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Student Materials

These printable worksheets accompany our pre & post visit lessons Teacher’s guide.

Download the Visit Emma's Sitting Room Student Materials

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Presentation

This presentation explores the context in which “The New Colossus” was written and is designed to accompany our pre & post visit lessons.

Download the Visit Emma's Sitting Room Presentation

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Request a Visit

AJHS has developed two field trips that complement the classroom-based curriculum.

Archive Tour: Students are invited to go behind the scenes into the archives in order to piece together the story of Emma Lazarus' life and explroe the world she lived in.

Walking Tour: Students explore the history of Union Square, the famous figures who stood atop soapboxes, and explore how even in complicated times people can engage civilly. 

To learn more or schedule a field trip, email cbracci@ajhs.org or call (212) 294-6164.

Picking Up the Pen

Picking Up the Pen

Emma’s story shows how even in complicated times, people can engage civically, and that art can help express and define the ideals and identity of a nation nation. Whether in a class setting or on their own, we invite students to connect past and present, and imagine themselves as modern day Emma Lazaruses. The American Jewish Historical Society is hosting a National Poetry contest that asks students: “If you could write a poem for the Statue of Liberty today, what would it say?”
You do not have to participate in the full curriculum in order to submit their poems to the contest, but we do encourage you to watch the film and explore the resources below. 
Contest Guidelines

This guide is designed to help prepare students compose and submit their poem to the Emma Lazarus Project Poetry Contest.

Download the Poetry Contest Guidelines

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Submit Your Poem

All student poems must be submitted through submittable.

Submit your poem here

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92 St Y’s “A New Colossus”

In July 2017, 92nd Street Y paid tribute to Lazarus’s iconic poem by hosting a week-long online festival using the hashtag #ANewColossus. Nineteen of the nation’s best emerging poets wrote poems that explored both the stories Lazarus’s poem invites, and those to which it may have blinded us.

Visit the 92nd St Y's A New Colossus

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Watch the Film

About the Curriculum

The Emma Lazarus Project curriculum, designed in collaboration with Reimagining Migration and teachers, draws on the remarkable collections of the American Jewish Historical Society. This curriculum provides students with the opportunity to analyze and engage with primary source materials in order to gain a deeper understanding of the United State’s long struggle with nativism, prejudice, and antisemitism.
Throughout this curriculum, students will explore how Emma Lazarus’ “The New Colossus” not only influenced the world’s perspective of the Statue of Liberty, but went on to shape American identity.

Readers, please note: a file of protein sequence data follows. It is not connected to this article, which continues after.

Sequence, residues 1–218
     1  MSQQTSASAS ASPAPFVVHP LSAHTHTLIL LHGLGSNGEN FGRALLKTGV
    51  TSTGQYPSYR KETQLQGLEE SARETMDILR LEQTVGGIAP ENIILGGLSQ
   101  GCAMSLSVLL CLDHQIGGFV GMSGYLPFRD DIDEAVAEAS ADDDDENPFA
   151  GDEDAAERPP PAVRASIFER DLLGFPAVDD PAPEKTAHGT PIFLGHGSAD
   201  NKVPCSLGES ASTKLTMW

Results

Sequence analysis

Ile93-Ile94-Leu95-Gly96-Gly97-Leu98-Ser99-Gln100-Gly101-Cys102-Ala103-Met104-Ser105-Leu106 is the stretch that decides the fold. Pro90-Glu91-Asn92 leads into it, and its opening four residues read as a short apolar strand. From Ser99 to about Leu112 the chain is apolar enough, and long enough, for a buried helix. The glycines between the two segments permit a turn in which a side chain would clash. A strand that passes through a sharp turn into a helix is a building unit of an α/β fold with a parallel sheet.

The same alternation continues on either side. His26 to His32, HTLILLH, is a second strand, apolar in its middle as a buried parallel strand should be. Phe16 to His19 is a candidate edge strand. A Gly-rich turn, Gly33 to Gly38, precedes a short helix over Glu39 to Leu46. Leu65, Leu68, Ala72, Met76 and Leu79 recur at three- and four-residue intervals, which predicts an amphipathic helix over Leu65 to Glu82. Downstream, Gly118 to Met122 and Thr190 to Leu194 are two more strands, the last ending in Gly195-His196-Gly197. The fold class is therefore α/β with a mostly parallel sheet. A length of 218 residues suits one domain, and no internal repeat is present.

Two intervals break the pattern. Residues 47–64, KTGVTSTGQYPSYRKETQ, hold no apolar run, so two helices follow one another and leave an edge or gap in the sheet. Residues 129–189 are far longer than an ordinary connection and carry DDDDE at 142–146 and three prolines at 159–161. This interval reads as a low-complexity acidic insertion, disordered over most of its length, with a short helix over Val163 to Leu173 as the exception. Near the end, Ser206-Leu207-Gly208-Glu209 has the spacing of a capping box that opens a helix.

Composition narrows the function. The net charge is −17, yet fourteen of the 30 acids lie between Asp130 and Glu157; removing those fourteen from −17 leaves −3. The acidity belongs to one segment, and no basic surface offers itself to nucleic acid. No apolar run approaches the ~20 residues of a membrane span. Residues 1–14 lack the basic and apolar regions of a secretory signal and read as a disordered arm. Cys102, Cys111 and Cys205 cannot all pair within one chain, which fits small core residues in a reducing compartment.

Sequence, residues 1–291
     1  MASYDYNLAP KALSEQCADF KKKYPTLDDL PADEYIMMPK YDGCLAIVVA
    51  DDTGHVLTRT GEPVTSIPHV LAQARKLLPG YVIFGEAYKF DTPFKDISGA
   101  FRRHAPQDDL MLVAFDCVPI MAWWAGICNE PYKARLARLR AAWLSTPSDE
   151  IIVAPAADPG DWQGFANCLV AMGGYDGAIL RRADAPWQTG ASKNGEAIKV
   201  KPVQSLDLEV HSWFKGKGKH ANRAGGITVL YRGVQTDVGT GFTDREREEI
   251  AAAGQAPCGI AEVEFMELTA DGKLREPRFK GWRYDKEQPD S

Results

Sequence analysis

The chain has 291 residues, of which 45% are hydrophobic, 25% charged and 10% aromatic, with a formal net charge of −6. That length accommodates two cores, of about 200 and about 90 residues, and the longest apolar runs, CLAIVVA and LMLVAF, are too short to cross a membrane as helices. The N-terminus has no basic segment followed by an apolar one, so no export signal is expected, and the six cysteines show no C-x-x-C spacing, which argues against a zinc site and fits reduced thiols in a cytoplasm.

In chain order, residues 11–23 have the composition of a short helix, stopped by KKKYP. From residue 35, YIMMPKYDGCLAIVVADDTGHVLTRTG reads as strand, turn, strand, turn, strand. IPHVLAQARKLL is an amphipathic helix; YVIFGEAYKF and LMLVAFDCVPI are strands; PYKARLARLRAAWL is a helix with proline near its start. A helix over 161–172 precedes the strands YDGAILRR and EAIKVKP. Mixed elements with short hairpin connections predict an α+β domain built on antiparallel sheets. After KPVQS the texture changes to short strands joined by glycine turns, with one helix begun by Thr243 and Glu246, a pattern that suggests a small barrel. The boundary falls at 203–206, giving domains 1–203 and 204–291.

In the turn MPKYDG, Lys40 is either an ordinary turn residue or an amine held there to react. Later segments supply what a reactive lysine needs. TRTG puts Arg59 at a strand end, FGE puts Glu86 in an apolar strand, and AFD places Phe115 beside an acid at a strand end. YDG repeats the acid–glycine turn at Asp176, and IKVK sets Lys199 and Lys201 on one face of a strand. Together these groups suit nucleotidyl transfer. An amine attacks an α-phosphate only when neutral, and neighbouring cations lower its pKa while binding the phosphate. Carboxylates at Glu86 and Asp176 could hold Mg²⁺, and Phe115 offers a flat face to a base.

The curriculum, designed to adapt to the needs of teachers and their students, explores Emma’s complex identities, her influences, her writing and advocacy work, and the story of how she came to write her most famous poem. Through looking closely at the story of Emma Lazarus in the context of her time, students will explore how America both welcomed, but restricted immigration. Throughout this curriculum, students will explore how Emma Lazarus’ “The New Colossus” not only influenced the world’s perspective of the Statue of Liberty, but went on to shape American identity.
 
Emma’s story shows how even in complicated times, people can engage civically. Through engaging with this history, students will be prepared to develop their own voices on issues of the day. The culminating activity of The Emma Lazarus Project curriculum is to provide students with their own pedestal to share their thoughts and beliefs.
The American Jewish Historical Society is hosting a National Poetry contest, which asks students to imagine themselves as 21st century Emma, following the prompt: “If you could write a poem for the Statue of Liberty today, what would it say?”

The Covenant Foundation

This curriculum was made possible (in part) by funds granted by The Covenant Foundation. The statements made and views expressed, however, are solely the responsibility of the author(s).

Re-imagining Mibration

Re-imagining Migration was created to foster understanding and the successful inclusion of migrant youth across the globe. Re-imagining Migration equips teachers to engage the children of migration and their peers to learn from one another in reflective learning environments.

Facing History and Ourselves

Facing History and Ourselves is a nonprofit international educational and professional development organization. FHAO equips teachers with strategies that help young people wrestle with current events and difficult issues through the lens of history.